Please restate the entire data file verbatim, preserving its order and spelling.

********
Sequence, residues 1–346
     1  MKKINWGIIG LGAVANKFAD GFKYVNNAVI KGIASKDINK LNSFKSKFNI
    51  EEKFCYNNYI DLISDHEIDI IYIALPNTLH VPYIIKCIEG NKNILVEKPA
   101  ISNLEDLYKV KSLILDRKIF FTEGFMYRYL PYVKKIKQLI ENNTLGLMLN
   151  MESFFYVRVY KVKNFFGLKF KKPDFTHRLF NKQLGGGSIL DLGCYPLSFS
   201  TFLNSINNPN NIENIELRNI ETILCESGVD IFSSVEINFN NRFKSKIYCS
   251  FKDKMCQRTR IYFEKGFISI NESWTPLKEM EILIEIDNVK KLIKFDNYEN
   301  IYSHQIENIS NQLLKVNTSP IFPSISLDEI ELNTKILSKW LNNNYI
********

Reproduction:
Sequence, residues 1–346
     1  MKKINWGIIG LGAVANKFAD GFKYVNNAVI KGIASKDINK LNSFKSKFNI
    51  EEKFCYNNYI DLISDHEIDI IYIALPNTLH VPYIIKCIEG NKNILVEKPA
   101  ISNLEDLYKV KSLILDRKIF FTEGFMYRYL PYVKKIKQLI ENNTLGLMLN
   151  MESFFYVRVY KVKNFFGLKF KKPDFTHRLF NKQLGGGSIL DLGCYPLSFS
   201  TFLNSINNPN NIENIELRNI ETILCESGVD IFSSVEINFN NRFKSKIYCS
   251  FKDKMCQRTR IYFEKGFISI NESWTPLKEM EILIEIDNVK KLIKFDNYEN
   301  IYSHQIENIS NQLLKVNTSP IFPSISLDEI ELNTKILSKW LNNNYI